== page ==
This was another busy week in global politics and I’m going to highlight some of the best tweets in my Twitter feed. Before starting, however, I will acknowledge that this post is late.

I believe my excuse is pretty good as it involves lots of late night baseball. I grew up in Kansas rooting for the local team — and the Kansas City Royals are in the playoffs for the first time since winning the World Series in 1985. Tuesday, Thursday, and Friday, the Royals won three consecutive extra inning games. All ended after 1 am Eastern Time. I then had to read for 30 to 45 minutes after the long and exciting games just to unwind enough to sleep.

None of those victories featured  the longest game of the week. As DC residents know, the Washington Nationals lost to the San Francisco Giants 2-1 in the 18th inning. I caught a bit of that contest:

Turning now to global politics, perhaps the biggest news of the week involved the protests in Hong Kong. How about one tweet for analysis and another for a startling picture?

I’ve actually seen a number of impressive photos from the protests. Here’s why those visual images matter:

As might be expected, the Chinese government has been trying to stifle this dissent:

At least early in the week, leading western states made sure to signal their disinterest:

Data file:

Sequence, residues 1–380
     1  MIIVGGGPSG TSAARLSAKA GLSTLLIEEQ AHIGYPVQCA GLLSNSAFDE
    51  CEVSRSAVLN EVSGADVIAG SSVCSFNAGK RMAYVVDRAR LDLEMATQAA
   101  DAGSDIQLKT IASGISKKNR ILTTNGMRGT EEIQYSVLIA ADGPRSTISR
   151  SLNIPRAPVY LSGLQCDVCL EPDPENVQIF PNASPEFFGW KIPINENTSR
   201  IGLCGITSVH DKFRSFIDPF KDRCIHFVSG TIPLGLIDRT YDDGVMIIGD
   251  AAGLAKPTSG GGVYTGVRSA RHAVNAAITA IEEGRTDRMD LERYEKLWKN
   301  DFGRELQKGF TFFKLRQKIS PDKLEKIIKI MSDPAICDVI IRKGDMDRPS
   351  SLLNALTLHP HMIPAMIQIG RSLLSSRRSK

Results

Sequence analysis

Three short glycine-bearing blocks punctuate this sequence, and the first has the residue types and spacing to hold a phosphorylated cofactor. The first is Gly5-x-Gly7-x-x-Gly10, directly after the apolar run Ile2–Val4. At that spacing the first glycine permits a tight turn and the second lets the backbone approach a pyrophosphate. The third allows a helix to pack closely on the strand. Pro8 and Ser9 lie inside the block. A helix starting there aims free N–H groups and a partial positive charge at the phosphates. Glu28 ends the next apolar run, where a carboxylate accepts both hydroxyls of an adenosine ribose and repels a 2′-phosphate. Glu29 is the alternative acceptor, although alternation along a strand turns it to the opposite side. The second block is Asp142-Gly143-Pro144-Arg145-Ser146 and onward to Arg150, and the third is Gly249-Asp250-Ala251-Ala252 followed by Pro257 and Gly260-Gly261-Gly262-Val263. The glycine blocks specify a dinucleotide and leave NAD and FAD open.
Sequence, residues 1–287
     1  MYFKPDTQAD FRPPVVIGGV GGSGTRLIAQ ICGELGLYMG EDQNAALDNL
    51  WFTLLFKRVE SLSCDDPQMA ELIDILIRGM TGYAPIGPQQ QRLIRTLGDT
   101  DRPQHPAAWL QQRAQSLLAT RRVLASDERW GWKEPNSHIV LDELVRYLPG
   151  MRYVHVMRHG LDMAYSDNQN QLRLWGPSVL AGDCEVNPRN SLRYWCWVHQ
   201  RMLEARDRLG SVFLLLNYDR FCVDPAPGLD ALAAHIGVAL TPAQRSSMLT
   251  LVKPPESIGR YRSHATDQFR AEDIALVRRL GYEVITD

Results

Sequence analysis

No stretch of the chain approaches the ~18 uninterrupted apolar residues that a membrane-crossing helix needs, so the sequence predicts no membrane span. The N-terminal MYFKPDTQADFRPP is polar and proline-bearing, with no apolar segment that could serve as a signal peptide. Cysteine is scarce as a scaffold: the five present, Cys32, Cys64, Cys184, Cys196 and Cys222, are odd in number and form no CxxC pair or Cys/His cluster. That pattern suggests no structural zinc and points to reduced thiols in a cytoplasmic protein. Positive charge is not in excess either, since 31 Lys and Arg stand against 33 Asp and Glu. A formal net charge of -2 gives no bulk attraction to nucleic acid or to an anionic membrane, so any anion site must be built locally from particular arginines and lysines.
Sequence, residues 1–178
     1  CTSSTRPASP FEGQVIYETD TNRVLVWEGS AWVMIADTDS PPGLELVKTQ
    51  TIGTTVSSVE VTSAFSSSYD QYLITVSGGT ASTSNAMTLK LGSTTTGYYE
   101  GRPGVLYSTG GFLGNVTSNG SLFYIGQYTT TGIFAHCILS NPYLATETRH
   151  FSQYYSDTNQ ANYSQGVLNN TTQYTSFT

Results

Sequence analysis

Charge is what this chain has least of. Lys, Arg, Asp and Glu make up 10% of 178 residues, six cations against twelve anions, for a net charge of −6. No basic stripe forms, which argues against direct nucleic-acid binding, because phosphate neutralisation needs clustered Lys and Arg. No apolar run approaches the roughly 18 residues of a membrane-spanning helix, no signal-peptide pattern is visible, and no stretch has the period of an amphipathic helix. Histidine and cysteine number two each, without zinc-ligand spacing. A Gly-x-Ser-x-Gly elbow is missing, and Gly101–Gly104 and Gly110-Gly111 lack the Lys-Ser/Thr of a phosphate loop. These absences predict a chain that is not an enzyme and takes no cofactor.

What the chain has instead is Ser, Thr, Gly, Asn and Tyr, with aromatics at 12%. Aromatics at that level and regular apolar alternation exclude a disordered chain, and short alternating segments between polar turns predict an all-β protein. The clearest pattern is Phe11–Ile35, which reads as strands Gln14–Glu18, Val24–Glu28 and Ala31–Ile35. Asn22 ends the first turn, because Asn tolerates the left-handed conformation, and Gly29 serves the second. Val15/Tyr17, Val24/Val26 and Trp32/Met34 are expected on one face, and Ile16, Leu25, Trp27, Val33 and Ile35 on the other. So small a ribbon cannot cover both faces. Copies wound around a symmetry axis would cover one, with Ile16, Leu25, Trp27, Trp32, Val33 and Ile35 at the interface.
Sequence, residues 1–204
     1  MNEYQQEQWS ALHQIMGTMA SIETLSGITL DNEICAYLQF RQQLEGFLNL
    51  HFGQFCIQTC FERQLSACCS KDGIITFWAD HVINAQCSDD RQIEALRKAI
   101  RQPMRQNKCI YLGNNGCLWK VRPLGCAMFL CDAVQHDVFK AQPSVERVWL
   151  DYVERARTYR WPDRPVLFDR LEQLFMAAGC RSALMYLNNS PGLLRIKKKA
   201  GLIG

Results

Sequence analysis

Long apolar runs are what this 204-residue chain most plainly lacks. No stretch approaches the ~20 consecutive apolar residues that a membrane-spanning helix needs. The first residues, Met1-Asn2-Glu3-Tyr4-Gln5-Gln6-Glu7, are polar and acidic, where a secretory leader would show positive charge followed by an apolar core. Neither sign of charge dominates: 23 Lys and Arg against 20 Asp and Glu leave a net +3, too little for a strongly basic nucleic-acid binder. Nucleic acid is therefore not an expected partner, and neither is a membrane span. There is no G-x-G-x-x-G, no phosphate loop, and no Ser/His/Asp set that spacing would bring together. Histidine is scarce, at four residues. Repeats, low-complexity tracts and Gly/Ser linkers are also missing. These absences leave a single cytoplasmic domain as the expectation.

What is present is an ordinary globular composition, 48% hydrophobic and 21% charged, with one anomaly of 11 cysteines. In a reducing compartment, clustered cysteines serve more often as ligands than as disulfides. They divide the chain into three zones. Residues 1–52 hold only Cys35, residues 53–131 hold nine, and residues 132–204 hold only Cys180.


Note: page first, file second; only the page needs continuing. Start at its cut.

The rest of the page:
Next, the latest from the Middle East and the war against ISIS/ISIL. First, reporters are pressing the administration about its overall Syria policy. This exchange is from last week’s “60 Minutes”:

Second, the alliance grew, at least on paper, to include Turkey:

But third, the threat also seems to be growing as ISIS moves closer to Baghdad:

In case you are wondering about the legality of the US use of force, here’s what a constitutional law scholar and former lawyer for the State Department in the Obama administration says:

Before closing, I’d like to post a few tweets that might spark some conversation in class. Like this tweeter, I too am fed up with analysis like this:

And this is a loaded tweet on the value of economic sanctions:

Finally, given the news about the failures of the Secret Service, a thought about the safety of America’s nuclear force: